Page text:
Law firms like Ross Ziev P.C. come across different types of injury cases often, including auto accidents. One of the most prominent aspects that pop up are weather and road conditions, especially where Ross works, Denver, CO. While there are various types of root causes that cause car and truck accidents, Mother Nature and bad roads stand at the base of more than many people realize.
Road Accident Statistics Due to Weather and Road Conditions
According to the U.S. Department of Transportation, more than 5.8 million road accidents happen every year. Of that number, 21 percent are related to inclement weather conditions. Things like low visibility and wet or slick roads commonly contribute to what eventually results in an accident.
Existing terrain is not necessarily considered the main “suspect”, but can be a factor when bad weather and roads come into the mix. For example, a flat road covered in ice is a bit different than a curvy passage that is covered in ice.
What’s Worse: Rain or Snow?
It may shock some people to learn that rain actually causes more road accidents than snow. Seventy percent of the U.S. road network actually exists in places that get at least five inches of snow each year. While 24 percent of road accidents happen in these regions, the snow actually provides some natural assistance that prevents these statistics from being higher.
Snow and ice accumulation actually help reduce road-to-car friction and hamper vehicle maneuverability, according to the DOT. Additionally, people tend to instinctively slow down when driving in this type of weather. While accidents and resulting fatalities do still occur, the instances are much higher when it rains.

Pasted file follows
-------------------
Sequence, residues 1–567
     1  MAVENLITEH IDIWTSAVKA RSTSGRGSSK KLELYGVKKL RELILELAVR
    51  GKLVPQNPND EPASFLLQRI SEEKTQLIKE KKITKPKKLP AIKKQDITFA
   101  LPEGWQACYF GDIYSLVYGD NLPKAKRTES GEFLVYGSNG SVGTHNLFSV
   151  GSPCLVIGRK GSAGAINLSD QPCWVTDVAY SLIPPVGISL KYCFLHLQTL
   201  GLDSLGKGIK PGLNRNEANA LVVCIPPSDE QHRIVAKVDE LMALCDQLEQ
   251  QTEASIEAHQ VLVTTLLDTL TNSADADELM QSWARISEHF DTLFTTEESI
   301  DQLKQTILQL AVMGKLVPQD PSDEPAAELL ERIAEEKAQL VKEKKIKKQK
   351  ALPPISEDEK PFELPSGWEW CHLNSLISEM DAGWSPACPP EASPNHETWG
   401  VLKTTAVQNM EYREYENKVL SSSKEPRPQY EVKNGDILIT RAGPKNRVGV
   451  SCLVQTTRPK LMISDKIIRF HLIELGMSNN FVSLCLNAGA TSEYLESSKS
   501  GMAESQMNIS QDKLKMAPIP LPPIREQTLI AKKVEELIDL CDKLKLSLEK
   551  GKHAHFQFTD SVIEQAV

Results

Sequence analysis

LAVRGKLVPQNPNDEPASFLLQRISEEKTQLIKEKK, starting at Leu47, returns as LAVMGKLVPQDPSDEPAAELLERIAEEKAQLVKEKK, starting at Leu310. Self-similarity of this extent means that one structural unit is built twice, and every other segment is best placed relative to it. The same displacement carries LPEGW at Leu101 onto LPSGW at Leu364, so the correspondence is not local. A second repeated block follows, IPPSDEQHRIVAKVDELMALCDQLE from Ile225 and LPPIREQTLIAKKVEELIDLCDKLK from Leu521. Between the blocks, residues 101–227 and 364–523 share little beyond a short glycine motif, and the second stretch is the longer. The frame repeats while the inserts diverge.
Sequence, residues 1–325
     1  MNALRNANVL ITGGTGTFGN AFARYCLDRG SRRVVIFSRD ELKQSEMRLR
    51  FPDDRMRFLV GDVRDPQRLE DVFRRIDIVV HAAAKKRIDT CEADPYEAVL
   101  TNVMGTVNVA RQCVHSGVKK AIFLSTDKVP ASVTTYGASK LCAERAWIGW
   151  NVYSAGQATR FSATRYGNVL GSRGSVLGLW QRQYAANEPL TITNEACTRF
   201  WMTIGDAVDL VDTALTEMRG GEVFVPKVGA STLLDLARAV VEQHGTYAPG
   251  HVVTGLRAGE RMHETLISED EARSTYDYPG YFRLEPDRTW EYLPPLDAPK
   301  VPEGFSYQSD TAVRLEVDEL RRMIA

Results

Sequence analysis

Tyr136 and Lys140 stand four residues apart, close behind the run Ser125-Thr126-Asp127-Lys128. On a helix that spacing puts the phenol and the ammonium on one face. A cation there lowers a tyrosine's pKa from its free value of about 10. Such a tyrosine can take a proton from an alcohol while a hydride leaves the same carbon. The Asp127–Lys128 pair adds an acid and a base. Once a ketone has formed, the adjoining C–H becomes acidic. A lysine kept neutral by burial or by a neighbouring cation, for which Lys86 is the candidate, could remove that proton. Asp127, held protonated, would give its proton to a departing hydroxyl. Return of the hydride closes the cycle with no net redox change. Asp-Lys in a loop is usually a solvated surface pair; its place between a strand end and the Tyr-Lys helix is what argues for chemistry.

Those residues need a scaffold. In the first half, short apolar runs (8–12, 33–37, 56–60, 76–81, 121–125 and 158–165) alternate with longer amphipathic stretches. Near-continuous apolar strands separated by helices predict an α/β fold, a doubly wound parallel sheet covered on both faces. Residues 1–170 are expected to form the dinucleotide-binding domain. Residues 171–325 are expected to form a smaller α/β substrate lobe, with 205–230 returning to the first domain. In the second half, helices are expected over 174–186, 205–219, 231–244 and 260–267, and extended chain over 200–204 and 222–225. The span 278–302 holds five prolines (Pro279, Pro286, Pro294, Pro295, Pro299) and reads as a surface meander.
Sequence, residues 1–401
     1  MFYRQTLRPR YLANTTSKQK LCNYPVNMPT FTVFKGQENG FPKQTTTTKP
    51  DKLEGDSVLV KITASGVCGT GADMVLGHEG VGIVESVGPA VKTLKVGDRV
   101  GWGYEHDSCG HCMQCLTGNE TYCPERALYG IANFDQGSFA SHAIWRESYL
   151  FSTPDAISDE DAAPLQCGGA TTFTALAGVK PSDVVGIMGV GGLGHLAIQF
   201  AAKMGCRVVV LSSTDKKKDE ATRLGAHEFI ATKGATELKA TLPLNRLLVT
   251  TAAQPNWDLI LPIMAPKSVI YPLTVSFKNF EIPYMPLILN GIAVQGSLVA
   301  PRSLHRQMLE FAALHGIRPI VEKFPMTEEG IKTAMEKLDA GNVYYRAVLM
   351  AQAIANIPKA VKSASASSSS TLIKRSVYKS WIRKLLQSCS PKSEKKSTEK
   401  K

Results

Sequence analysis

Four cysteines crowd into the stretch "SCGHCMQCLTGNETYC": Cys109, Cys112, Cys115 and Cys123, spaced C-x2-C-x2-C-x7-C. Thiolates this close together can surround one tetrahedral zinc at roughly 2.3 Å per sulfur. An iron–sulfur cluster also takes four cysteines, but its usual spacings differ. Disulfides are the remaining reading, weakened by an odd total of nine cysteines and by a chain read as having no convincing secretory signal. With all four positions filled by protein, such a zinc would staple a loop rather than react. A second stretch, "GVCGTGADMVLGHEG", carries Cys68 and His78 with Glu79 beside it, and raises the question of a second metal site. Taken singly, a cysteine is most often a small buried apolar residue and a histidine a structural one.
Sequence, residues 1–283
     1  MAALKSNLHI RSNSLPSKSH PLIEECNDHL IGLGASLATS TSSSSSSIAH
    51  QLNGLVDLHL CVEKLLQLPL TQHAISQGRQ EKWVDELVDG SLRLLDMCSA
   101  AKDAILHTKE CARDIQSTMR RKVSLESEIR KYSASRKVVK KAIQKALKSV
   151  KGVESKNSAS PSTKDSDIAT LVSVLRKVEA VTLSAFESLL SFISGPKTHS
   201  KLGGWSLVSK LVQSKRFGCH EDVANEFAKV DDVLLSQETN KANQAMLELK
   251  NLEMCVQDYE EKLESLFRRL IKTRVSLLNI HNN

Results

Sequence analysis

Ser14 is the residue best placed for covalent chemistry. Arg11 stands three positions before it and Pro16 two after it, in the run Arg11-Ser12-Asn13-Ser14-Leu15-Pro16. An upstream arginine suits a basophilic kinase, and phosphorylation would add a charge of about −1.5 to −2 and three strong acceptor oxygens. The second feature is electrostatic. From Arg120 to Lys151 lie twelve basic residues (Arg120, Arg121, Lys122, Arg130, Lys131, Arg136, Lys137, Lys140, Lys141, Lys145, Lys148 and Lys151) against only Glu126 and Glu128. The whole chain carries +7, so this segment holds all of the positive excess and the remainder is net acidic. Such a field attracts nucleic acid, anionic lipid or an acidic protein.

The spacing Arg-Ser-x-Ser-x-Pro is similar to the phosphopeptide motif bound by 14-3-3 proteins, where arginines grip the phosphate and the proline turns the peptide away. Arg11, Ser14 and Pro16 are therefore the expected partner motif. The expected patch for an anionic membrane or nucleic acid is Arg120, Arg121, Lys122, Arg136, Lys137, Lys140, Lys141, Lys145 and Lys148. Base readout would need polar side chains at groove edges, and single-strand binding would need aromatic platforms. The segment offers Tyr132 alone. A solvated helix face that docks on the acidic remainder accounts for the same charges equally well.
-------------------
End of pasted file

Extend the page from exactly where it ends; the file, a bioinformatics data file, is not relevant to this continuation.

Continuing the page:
The Rain Factor
Most weather-based accidents actually happen when it’s raining. Impaired visibility and wet roads are major factors, particularly the wet road conditions that account for 70 percent of these accidents (impacted vision due to rainfall is 46 percent). Drivers also don’t heed rainfall with a weariness like they do when it’s snowing. It’s interesting because rain is much more dangerous when driving.
Depending on where a person lives, road conditions can easily fall prey to the weather, increasing the likelihood of an accident. A snowy road in Colorado is likely to have the infrastructure to withstand the weather than a snowy road in Texas, where snow is less common.
Any driver who sets out on the open road should always drive a bit more carefully when there is inclement weather. A person can’t always prevent an accident, but they can do their best to avoid getting into one. However, if an accident happens when the weather is bad, drivers and their passengers should contact an auto injury attorney right away. That’s not just a general suggestion. Your personal injury lawyer will be instrumental in helping you determine fault. Weather can increase the chance for accidents, yes, but negligence is something that can exist in all weather patterns. If someone else made poor decisions with disregard for themselves or others while out on a foggy highway, rain-slicked road, or ice-coated mountain pass, then defending yourself legally is a highly recommended path.